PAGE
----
Comfortable and Furious

On Her Majesty’s Secret Service

Bond is a veteran of a thousand psychic wars. A woman tries to walk into the sea. Bond is punished for being a good samaritan. The walls of the casino have been wallpapered purple, signifying regality. Bond is pursued by anonymous thugs. His service weapon is stolen. The crane depot has a midget custodian. Bond ruins a calendar. My daughter burned her heart out by living too greedily the father tells Bond. Bond provides a type of therapy. The woman’s father asks Bond to dominate her. Bond declines, having the bachelor’s taste for freedom. Bond tenders his resignation.

Bern is a site of interest. M is a lepidopterist. A heraldry expert loses himself in the churches of Brittany. Bond assumes an office of great antiquity. Bond’s escutcheon contains animals, which are found in various attitudes, both rampant and passant. The rule of tincture holds. It is a simulacra of high birth. Implications are made that all aristocrats are gay. The count is an allergy specialist. Bond notes that we live in a world of avarice and deceit. Blofeld is proud of his congenital distinctions. Bond keeps his handmade key in his sporran. He plays a game of curling. The first prize is a gold-plated samovar.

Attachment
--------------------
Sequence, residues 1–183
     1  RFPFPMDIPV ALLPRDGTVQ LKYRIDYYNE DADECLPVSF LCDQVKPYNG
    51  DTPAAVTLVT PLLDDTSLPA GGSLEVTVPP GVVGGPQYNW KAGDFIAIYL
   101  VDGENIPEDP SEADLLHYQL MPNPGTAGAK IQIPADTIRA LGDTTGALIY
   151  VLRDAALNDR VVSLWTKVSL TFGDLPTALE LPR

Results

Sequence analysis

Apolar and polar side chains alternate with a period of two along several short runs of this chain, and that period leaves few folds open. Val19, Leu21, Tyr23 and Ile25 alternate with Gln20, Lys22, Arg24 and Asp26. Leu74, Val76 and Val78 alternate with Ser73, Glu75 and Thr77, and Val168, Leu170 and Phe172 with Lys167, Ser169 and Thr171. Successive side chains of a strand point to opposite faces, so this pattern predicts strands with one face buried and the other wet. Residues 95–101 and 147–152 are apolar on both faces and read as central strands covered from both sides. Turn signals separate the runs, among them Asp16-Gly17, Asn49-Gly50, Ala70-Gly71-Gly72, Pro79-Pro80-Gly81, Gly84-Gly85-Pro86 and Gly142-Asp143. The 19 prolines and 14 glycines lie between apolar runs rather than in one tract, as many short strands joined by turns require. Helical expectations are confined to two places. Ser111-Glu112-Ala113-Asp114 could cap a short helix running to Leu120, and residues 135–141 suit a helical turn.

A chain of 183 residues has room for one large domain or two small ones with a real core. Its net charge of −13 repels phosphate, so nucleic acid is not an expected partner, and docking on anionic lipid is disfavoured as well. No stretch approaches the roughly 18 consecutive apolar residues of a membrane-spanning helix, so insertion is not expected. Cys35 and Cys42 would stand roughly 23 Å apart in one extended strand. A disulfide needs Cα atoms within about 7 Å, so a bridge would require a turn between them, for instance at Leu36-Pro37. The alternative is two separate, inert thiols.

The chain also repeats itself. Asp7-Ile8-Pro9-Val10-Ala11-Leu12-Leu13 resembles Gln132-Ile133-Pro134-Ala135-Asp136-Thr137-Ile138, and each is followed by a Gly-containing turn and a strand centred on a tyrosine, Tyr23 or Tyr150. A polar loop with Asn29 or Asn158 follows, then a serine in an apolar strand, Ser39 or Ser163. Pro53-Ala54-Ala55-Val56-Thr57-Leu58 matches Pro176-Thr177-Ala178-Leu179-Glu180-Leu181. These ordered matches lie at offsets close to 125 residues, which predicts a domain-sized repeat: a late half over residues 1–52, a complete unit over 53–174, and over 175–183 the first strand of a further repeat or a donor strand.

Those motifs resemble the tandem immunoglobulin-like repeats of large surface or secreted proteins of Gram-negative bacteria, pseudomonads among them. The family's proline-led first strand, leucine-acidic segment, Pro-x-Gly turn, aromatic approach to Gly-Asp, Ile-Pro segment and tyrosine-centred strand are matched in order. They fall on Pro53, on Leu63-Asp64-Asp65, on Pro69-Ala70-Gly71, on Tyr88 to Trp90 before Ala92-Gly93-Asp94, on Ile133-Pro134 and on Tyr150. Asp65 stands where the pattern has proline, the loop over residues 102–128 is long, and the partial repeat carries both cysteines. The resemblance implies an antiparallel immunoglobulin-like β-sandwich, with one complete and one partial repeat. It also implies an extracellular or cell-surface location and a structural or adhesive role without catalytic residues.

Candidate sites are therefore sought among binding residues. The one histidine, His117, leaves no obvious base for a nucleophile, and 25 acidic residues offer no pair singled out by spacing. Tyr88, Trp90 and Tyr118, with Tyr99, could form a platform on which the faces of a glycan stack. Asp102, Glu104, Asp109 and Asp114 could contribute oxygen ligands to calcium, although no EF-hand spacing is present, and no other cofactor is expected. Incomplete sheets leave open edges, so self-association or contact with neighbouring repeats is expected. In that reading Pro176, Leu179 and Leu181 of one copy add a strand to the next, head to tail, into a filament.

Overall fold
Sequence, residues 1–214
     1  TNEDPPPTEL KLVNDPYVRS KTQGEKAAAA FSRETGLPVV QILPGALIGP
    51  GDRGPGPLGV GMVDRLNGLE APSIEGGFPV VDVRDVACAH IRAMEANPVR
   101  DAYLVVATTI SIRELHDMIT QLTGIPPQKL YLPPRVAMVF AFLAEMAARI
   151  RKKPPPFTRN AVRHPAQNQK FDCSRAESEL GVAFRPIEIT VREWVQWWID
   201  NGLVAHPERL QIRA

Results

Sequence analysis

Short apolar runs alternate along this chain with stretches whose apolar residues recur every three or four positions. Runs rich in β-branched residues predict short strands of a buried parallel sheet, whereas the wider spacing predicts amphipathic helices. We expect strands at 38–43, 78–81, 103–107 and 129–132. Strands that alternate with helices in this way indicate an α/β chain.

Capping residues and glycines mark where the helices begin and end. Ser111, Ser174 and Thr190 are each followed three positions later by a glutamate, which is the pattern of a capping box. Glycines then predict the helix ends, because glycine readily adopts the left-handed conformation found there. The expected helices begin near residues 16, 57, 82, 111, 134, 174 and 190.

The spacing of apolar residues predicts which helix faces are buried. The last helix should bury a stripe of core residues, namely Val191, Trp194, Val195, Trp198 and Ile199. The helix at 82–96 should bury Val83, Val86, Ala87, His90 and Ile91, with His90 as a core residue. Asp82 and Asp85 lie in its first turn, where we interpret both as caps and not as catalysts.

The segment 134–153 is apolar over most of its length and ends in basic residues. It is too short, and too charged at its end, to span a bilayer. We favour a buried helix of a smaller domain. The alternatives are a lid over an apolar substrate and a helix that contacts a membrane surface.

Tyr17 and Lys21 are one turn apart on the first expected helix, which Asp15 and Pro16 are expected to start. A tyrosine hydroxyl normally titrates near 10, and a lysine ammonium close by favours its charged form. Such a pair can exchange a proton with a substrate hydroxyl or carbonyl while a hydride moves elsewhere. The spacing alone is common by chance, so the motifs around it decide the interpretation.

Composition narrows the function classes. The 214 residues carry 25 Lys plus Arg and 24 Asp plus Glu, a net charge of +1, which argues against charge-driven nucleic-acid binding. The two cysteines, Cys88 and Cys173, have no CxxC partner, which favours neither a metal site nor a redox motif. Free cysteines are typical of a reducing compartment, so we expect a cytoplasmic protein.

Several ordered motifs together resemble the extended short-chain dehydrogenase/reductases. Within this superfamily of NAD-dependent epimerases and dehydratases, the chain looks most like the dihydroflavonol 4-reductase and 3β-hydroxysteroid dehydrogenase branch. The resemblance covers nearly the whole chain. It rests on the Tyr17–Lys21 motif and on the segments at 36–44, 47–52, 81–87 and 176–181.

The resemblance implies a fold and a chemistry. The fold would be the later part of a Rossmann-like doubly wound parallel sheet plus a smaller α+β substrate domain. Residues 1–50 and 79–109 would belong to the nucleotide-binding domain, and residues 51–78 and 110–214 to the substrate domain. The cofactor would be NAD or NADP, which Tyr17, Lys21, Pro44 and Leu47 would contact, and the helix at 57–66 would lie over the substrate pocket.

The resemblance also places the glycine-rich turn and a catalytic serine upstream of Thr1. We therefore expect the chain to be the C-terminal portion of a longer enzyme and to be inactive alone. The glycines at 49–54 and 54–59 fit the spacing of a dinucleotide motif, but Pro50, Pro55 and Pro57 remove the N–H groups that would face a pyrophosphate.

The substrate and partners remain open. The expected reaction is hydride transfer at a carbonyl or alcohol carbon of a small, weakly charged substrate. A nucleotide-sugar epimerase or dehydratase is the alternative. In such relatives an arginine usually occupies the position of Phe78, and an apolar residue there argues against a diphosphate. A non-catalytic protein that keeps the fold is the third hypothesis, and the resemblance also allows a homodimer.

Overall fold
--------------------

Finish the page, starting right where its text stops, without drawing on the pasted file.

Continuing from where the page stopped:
Blofeld threatens to permanently part the engendering flood unless he is granted immunity. They attempt to head off Bond at the precipice. Bond abstains until marriage. Animals watch Bond sleep. A henchman is churned into red snow. Blofeld is classically trained. Certain thugs are subdued under the corpses of other thugs. Bond is the poet of beguilement. Bond’s future father-in-law knocks his daughter out with a single punch to the face. Bond suffers from snow blindness. Blofeld attempts an unsuccessful bobsled getaway. Moneypenny’s inevitable spinsterhood is depressing. For his fiancée, Bond serves as a placenta for dying. It turns out that Bond does not have infantile notions of pain.



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